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Wineries Unlimited 2012 Day 3 Overview
by
Terry and Kathy Sullivan

There were several enological sessions on Thursday, four of them had wine flights that matched the content of the session. There we additional marketing sessions at the same time.

Bruce Zoecklein: Practical Monitoring and Management of Brettanomyces

Bruce discussed the misconceptions about brett. He mentioned that some brett descriptors can be positive such as complex, mature and spicy. Some people even like negative descriptors, wet dog for example. Brett is like a yeast, having many different strains. Wine in the bottle may develop high levels of brett at different times, even years after bottling. The best way to monitor brett is sensory analysis. Some wine could have a high concentration of brett metabolites and you can’t smell it. Similarly a wine could have a small concentration of brett metabolites and smell very much like brett. Bruce cautions that if one uses wine additives, understand what they will and can do to the wine. It comes down to diligence and monitoring.

Charlotte Gouraud: Using Non-Saccharomyces Yeast During Alcoholic Fermentation: Taking Advantage of Yeast Biodiversity

Charlotte spoke of research that has been done on non-saccharomyces yeasts. Photos showed shape and size of a saccharomyces yeast compared to torulaspora delbrueckii yeast. A graph showed that there is generally a lower volatile acidity associated with torulaspora yeast compared to saccharomyces yeast. Torulaspora yeasts will do better in cooler fermentations. Charlotte suggested that winemakers may want to begin the fermentation with torulaspora and after a few days (24 hours in red wines, 72 hours in white wines) add saccharomyces. With the use of torulaspora there can be an increase in aromatic aromas and phenolics while a decrease in vegetal characteristics.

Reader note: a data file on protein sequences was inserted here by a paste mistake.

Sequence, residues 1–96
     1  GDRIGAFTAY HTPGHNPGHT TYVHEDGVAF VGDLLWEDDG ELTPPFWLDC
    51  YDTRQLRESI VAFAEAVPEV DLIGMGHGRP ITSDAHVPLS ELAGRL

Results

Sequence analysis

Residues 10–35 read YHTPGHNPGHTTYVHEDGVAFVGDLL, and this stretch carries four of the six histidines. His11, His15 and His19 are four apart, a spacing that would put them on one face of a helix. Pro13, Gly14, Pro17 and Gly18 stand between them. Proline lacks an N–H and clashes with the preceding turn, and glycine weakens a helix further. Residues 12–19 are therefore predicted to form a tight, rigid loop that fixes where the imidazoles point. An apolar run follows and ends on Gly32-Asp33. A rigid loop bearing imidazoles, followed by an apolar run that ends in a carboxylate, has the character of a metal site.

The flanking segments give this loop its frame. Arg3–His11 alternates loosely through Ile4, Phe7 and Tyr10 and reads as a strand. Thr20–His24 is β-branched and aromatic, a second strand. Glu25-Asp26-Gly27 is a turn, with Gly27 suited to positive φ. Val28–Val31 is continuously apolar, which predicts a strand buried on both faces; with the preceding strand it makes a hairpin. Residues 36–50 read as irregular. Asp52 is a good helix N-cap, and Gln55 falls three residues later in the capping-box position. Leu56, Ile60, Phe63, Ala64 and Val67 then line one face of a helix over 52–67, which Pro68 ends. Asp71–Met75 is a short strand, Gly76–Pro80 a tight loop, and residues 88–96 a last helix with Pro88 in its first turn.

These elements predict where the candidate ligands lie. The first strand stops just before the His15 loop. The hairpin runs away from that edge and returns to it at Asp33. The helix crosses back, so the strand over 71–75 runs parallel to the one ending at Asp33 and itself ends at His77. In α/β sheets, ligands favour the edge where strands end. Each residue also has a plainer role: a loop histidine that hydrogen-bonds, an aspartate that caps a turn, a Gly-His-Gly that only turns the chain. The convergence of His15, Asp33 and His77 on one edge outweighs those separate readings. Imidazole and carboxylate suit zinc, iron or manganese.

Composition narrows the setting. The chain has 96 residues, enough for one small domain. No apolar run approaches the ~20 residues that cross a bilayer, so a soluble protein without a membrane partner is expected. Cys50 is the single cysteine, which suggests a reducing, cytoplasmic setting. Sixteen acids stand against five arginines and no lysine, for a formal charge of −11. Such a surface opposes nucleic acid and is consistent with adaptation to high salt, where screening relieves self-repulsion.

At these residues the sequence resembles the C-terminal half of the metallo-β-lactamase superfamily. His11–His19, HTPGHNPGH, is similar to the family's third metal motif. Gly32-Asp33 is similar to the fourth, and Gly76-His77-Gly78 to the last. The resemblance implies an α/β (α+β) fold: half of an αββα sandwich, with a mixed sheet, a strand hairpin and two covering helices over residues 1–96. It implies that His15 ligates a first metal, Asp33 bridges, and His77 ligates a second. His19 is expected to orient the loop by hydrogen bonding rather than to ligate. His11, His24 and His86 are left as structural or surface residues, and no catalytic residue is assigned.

Dr. Nichola Hall: Influence of yYeast Strain Choice on the success of Malolactic Fermentation

Microbial populations effect on the wine don’t stop when the wine is bottled. Dr. Nichola Hall pointed out that Saccharomyces is the yeast strains of choice for winemakers. It needs to be malolactic fermentation friendly. There are many strains of Oenococcus oeni available for winemakers to choose from. Between the Saccharomyces cerevisiae yeast strain and the Oenococcus oeni bacteria strain there are 5400 combinations. Winemakers should select a strain that fits the parameters the winemaker is using such as alcohol level and temperature.

Wineries Unlimited 2012Sigrid Gertsen-Schibbye: Malolactic Trials - The proof is in the Tasting

The setting for this session included a tasting of 5 red wines. Sigrid mentioned that it was nice to have a tasting of different MLF inoculations first as opposed to last. The wine used was a Merlot that was the same in each glass except for the MLF.
The Merlot that had no MLF was a darker ruby color and those that were co-inoculated were a lighter ruby color. All offered slight aromas and dark fruit tastes. There seemed to be more of a hint of earthiness on the Merlot that had no MLF. The attendees were mixed on ther preferences. Some like the wine with no MLF, others like the wine that was co-inoculated while other liked the sequentially inoculated. One of the themes of the conference was for attendees to sift through the information and determine what fits their needs.

Charlotte Gouraud: Wine Tasting of Yeast Trials

The second tasting had four white wines that looked at yeasts. The wines were from King Family Vineyards, Virginia. The first two wines were Viognier and the 3rd and 4th winers were Chardonnay. Wines 1 and 3 were the control wines with a saccharomyces yeast added. Wines 2 and 4 were the alpha wines with a torulaspora yeast added first followed by a saccharomyces yeast eight days later. The most notable difference was the softer mouthfeel with the wines that were first started with torulaspora yeast.

Wineries Unlimited 2012Michael Shaps: Grape Dehydration “Passito Wines”